A growing number of tattoo artists in Arizona are able to create new "sound wave tattoos."

A company called Skin Motion developed a smartphone app, which reads and broadcasts recordings from tattooed sound waves.

For the last few months, people across the country have been getting sound waves of their child's laughter, their favorite team's fight song and greetings from lost loved ones, preserved as tattoo art on their bodies.

"I was willing to go to Los Angeles for it because that's where the company is based, but then found Tony," said Cindy Shorts of east Mesa.

She spent a recent Saturday in Tony Ewald's tattoo chair in Chandler getting a sound wave of her father's voicemail tattooed on her arm.

"Hi, Cindy. This is Daddy. I love you," he says on her voicemail.

"He was such a special man, and I don't ever want to forget what he sounds like," Shorts said.

She took care of her father while he fought cancer and has one single voicemail recording of his voice.

"He never left voicemails. He didn't like to talk to machines. So I'm excited to make his voice permanent," she said.

After her tattoo heals, she'll be able to scan her skin anytime using the Skin Motion app and hear her father's voice through her phone's speaker.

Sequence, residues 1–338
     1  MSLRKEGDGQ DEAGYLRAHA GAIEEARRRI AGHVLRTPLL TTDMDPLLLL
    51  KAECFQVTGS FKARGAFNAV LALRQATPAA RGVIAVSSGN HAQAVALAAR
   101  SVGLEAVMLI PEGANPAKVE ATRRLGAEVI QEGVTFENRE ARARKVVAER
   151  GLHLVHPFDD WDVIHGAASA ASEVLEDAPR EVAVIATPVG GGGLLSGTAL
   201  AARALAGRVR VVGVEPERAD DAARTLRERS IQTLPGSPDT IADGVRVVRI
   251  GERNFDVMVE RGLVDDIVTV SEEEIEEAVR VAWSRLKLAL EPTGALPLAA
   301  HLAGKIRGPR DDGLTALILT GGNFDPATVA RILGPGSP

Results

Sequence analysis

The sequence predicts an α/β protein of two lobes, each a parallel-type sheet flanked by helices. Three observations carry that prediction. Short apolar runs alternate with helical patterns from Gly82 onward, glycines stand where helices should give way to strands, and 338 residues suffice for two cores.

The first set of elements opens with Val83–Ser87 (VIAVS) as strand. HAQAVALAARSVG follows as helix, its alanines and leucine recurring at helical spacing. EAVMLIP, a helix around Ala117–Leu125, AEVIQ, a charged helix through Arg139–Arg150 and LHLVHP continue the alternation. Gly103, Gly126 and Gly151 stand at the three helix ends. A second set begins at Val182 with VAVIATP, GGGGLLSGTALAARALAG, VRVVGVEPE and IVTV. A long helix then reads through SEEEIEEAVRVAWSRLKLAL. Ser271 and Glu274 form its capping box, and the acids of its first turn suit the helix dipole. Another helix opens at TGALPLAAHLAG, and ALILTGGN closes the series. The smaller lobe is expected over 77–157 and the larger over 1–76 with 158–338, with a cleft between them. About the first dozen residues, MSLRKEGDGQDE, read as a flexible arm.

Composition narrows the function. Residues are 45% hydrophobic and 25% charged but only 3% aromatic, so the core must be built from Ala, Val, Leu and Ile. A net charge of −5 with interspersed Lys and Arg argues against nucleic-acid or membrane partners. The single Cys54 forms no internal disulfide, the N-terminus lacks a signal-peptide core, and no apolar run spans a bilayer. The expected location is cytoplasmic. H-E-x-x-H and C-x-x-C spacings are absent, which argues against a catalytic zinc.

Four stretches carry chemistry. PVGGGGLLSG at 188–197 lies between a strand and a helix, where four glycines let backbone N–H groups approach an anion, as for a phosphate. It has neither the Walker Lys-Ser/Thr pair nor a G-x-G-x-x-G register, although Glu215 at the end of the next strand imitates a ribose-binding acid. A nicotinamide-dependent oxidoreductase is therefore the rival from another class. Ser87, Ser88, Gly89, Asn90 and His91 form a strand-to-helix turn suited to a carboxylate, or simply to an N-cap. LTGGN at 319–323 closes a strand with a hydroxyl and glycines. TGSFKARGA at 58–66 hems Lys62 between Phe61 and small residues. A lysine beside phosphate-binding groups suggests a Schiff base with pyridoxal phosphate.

The company creates a sound wave stencil of a recording and sends it to the tattoo artist.

Ewald was one of the first in Arizona to get certified through the company.

"A tattoo isn't going anywhere. You can always look at it and remember that person, and now you can hear that person, too," Ewald said.

He's planning to get a sound wave tattoo of his young daughter's voice.

At Glendale's Ritual Addictions Tattoo, artist Shane Hallock is also tattooing sound waves.

His sound wave tattoo of a Chicago singer went viral in January and has more than 6 million views on her Twitter account.

"The first time, I was sweating, wondering if it would work," he laughed.

The sound waves have to be precise for the app to read them.

Hallock's latest sound wave was personal. He tattooed a birthday message from his late mother-in-law on his wife's leg.

"I don't have a lot from her, but I do have her voice. I listened to it a million times after it was done, and always get choked up," Caitlin Hallock said.

The service costs $40, plus a $10 yearly fee.

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